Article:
- Drive a smaller car. Smaller cars are less expensive to buy and insure, and in general use much less gas than a bigger car with more weight and a bigger engine. If you buy a classic smaller car, as opposed to the latest model, then you won’t even suffer from depreciation.
- Switch your car insurance to a better and cheaper company.
- Learn some DIY skills. You don’t have to use expensive and useless contractors, car mechanics, cleaners, or gardeners. It’s cheaper and better if you do as much as you can for yourself.
- Cut out impulse purchases. On impulse, too many of us buy too much stuff that we don’t actually need, want, or really like. All that stuff clutters up our home and convinces us that we need to move to a bigger place.
- Don’t marry a sexy trophy wife, (or toy boy), who will also want you to move into a bigger place. A trophy wife, (or toy boy), will end up costing you most of your treasure, and you’ll end up with a broken heart.
- Don’t try to buy love. It doesn’t work, it will cost you a fortune, and you’ll end up with a broken heart.
- Control your addictions….. booze, drugs, gambling, pornography, casual sex, smoking….. All of these will all cost you just about everything you have, including your self-respect.
- Resist the urge to have the latest and most expensive technologies. You don’t need a huge TV, costly cable, the newest computer, the best tablet, the most expensive iPhone with the most expensive contract.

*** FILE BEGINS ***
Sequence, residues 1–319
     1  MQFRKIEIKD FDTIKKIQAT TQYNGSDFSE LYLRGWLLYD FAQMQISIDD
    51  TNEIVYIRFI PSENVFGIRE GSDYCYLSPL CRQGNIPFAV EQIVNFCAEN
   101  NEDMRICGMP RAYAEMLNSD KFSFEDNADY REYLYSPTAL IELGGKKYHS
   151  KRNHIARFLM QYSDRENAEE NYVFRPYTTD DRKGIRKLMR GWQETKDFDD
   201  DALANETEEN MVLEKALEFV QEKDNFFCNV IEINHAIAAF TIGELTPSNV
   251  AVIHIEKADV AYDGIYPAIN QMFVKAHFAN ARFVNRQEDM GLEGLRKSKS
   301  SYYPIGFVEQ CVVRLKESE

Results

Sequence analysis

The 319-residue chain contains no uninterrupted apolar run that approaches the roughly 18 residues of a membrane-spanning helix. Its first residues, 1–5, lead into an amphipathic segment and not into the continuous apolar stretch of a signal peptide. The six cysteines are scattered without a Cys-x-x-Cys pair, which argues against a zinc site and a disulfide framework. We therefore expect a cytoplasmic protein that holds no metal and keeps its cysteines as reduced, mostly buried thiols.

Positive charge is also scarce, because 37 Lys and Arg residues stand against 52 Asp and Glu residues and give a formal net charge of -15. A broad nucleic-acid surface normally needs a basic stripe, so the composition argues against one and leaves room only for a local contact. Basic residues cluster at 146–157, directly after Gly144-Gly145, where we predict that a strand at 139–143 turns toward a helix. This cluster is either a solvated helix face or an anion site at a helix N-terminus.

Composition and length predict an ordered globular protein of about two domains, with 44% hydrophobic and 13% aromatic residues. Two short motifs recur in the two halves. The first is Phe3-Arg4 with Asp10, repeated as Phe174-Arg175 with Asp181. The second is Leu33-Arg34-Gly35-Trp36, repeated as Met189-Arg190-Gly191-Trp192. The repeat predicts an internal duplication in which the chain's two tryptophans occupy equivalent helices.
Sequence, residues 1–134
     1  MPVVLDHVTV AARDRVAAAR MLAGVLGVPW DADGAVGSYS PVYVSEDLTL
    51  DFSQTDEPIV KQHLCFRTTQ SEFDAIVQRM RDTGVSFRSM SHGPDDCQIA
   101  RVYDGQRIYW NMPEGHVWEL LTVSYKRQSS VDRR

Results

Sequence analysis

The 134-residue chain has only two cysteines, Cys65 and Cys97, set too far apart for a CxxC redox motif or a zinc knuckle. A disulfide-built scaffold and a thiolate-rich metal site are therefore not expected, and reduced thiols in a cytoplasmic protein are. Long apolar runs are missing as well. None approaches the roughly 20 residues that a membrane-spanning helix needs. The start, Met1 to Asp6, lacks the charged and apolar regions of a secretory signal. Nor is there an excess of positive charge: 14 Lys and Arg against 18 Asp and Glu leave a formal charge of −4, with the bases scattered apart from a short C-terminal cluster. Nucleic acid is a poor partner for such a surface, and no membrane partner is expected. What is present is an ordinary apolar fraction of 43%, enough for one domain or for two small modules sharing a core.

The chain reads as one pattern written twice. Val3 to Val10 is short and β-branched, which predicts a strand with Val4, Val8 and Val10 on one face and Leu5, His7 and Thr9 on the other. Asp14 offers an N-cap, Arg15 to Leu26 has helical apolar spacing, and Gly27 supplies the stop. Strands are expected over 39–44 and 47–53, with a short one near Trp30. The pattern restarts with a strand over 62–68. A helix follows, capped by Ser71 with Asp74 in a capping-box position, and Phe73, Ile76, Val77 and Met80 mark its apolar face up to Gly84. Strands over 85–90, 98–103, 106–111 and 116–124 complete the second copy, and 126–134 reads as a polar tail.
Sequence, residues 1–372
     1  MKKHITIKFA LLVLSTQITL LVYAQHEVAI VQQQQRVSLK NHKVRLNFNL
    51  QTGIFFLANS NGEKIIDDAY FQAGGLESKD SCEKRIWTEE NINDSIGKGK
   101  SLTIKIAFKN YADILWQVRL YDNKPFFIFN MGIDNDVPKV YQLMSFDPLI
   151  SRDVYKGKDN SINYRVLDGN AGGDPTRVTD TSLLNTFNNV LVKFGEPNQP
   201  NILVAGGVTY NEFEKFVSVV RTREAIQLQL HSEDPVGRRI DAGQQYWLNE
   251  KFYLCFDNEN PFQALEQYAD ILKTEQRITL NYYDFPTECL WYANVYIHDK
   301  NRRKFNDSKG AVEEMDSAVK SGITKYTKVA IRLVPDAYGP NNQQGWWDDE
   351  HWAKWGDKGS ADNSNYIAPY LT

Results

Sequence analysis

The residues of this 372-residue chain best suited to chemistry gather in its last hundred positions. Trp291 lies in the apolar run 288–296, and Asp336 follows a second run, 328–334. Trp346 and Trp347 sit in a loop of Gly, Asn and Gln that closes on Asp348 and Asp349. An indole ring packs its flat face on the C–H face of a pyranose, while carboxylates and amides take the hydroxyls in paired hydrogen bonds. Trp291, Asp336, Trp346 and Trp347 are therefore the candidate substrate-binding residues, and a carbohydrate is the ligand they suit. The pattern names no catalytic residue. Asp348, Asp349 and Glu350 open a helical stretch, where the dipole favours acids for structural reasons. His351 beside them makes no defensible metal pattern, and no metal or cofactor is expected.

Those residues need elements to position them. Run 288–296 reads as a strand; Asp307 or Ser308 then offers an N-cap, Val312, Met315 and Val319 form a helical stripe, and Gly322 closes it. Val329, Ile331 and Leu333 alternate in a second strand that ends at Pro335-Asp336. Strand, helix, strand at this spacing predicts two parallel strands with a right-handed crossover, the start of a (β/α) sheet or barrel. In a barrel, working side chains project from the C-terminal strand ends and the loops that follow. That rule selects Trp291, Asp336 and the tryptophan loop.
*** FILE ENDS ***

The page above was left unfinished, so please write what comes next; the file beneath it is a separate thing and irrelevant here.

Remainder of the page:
- Buy whole foods rather than processed, heavily packaged, and generally bad for you costly crap.
- Buy generic brands. Trust me, I’ve been into factories where the expensive labels and generic brands are actually made on the same production line with exactly the same content. Only the packaging is different.
- If you can, then buy in bulk.
- Stop going out to lunch at work, instead take a packed lunch. Those people you go to lunch with are probably boring and certainly aren’t your real friends anyway. And, if you’re an average guy the women you take to lunch are never going to have sex with you, so you’re wasting your time and money.
- Don’t join a gym. Most of the people who have gym membership never go there. For great exercise take a long walk in the sunshine instead.
- Visit thrift stores, and if you find clothes you like, then save money and buy ‘pre-loved’ stuff.
- Don’t give to a big charity. (Have you any idea how much the bosses of the big charities pay themselves? The average pay across the top 100 charities is more than £250,000 a year, plus huge bonuses.)
- Don’t spend all your time drinking in pubs and bars ~ the booze is expensive there, and nobody in your favourite pub is your real friend anyway.
And finally, don’t spend on borrowed money, especially credit cards which all charge usury rates of interest. Credit cards are NOT money. Really, really, really NEVER use a payday lender, which all charge eye-watering criminal rates of interest.
You can probably think of some other money-saving tips of your own. For a month try making a note of what you actually spend your hard-earned on ~ I guarantee that you will be surprised and shocked. Learn what you actually spend your money on, and then you can start to control your finances.
Some say that money can’t buy happiness. And that a fool and his money are soon parted. All I know is that having money makes misery more bearable.
you can take the idea of living in a tiny home to the extreme…..
Having few desires means satisfaction with what you have.